Another example: is a registered trademark and is not registered. The expert found information published by ICANN that the xxx label is used for pornographic websites. Although the reason for not registering such a trademark could be based on the violation of public order, in this case, also lacked a distinctive feature, even though it contained distinctive graphic elements.

We did not register without the distinctive features in a regular font, while with the graphic element (logo) was registered as a trademark. When registering trademarks, the entirety of the trademark is assessed, not only the verbal label but also the graphics,” - emphasises L. Mickienė.

Legal disputes regarding domains and trademarks

The Law on Trademarks stipulated civil and administrative liability, as well as criminal liability for those who use a trademark illegally without the owner’s consent. The most common offence is counterfeiting. In such cases, even criminal liability is stipulated.

“In case of a dispute with a trademark over the use of the domain name, you should first try to reach an amicable settlement. Mediation is available in Lithuania. A list of mediators is provided on the website of the State Legal Aid Service at . This list includes 29 mediators specialising in intellectual property disputes. Although mediation is not popular, I am a big believer in it because it helps to save money before going to court”, - says L. Mickienė, Deputy Director of the SPB.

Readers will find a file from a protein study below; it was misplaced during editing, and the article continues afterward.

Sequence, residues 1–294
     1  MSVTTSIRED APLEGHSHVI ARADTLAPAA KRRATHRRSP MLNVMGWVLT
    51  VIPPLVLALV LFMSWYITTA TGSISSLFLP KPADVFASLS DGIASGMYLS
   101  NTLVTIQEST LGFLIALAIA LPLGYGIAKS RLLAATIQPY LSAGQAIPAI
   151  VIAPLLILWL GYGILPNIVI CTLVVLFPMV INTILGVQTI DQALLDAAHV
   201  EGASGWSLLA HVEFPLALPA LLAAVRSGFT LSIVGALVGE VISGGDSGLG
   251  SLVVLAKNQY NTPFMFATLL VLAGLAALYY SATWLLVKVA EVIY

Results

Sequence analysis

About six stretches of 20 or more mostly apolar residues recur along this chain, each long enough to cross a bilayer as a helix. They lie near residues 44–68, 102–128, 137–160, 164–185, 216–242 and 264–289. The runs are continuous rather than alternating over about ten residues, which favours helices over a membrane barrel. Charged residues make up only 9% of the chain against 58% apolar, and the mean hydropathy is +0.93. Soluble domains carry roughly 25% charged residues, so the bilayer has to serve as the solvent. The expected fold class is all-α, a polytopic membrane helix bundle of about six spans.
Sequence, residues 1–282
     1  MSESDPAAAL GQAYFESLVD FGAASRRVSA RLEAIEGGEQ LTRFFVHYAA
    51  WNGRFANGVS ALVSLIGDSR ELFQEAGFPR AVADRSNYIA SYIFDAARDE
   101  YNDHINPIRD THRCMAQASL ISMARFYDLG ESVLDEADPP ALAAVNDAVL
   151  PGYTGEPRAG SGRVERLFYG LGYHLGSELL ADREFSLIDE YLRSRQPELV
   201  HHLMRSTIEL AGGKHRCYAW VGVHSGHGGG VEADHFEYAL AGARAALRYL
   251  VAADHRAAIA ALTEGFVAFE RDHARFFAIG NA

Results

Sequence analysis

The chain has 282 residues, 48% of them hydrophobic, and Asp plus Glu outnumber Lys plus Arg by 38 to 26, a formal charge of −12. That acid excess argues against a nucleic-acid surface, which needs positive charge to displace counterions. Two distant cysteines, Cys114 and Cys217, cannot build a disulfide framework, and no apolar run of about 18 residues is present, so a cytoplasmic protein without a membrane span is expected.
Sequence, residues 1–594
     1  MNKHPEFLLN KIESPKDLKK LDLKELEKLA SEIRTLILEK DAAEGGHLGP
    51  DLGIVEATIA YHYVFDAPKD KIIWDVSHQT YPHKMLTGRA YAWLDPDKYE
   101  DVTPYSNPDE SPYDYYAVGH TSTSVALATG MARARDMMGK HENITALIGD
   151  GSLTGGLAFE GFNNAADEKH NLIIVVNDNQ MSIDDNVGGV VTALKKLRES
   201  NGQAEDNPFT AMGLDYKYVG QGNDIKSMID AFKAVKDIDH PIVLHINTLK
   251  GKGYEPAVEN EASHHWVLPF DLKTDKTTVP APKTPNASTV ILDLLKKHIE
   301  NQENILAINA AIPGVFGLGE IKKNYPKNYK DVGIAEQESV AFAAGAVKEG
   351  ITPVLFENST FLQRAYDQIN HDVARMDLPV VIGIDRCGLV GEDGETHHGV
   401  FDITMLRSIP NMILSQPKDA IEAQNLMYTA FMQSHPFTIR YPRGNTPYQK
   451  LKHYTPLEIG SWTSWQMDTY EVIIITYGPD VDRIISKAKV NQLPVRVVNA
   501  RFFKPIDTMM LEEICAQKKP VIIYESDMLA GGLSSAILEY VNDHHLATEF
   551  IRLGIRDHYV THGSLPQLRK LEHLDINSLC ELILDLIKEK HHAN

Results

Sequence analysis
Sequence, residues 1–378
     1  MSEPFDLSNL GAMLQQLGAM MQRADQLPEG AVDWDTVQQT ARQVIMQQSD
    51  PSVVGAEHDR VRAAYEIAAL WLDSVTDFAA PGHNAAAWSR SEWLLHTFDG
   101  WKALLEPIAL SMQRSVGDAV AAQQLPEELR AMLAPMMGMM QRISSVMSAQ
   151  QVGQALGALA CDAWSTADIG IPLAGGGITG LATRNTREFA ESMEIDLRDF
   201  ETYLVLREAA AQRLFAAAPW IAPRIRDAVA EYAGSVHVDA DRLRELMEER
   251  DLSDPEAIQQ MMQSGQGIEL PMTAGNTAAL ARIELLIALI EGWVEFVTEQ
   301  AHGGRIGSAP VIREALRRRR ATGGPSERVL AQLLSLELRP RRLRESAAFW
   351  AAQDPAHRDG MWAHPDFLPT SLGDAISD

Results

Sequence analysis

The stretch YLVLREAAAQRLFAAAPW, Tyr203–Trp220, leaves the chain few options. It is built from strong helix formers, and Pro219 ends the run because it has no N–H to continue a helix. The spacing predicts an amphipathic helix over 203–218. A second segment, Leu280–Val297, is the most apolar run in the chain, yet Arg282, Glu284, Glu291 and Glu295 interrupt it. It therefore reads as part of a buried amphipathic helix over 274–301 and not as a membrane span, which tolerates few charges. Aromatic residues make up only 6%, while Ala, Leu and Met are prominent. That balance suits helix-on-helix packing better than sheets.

Lawyer at KTU Internet Services Centre DOMREG L. Subačienė also claims that the best and least “painful” way to resolve disputes is through negotiation or extrajudicial mediation; however, in the event of a dispute, most often it is taken to court. In the last four years, more than 20 cases involving domain and trademark disputes have been taken to Lithuanian courts.

Arguments of the courts in domain and trademark cases

The following criteria are usually applied in resolving disputes about domain names: infringement of a prior right, illegitimate interests when creating the domain name or dishonesty when creating and using the domain name.

“It is possible to resolve the question of what was registered earlier - the trademark or the domain. The holders of prior IP rights (trademarks) have the right to require others not to use the elements to which they have rights in domains, as well as require for the domain to be transferred to them or deregistered.

Domain holders usually try to justify misuse on the principle of “first come, first served”. However, such arguments do not relieve the domain holder of liability for the violation of prior rights, if any.

Of course, it is much easier to decide who has prior rights when the verbal trademark coincides with the domain, i.e. they are identical. For example, the trademark “AUKSINĖS KOPOS” and the domain, or the trademark “NOVARTIS” and the domain In these cases, the courts decided to transfer the domains to the owners of the trademarks free of charge”, - informs L. Subačienė.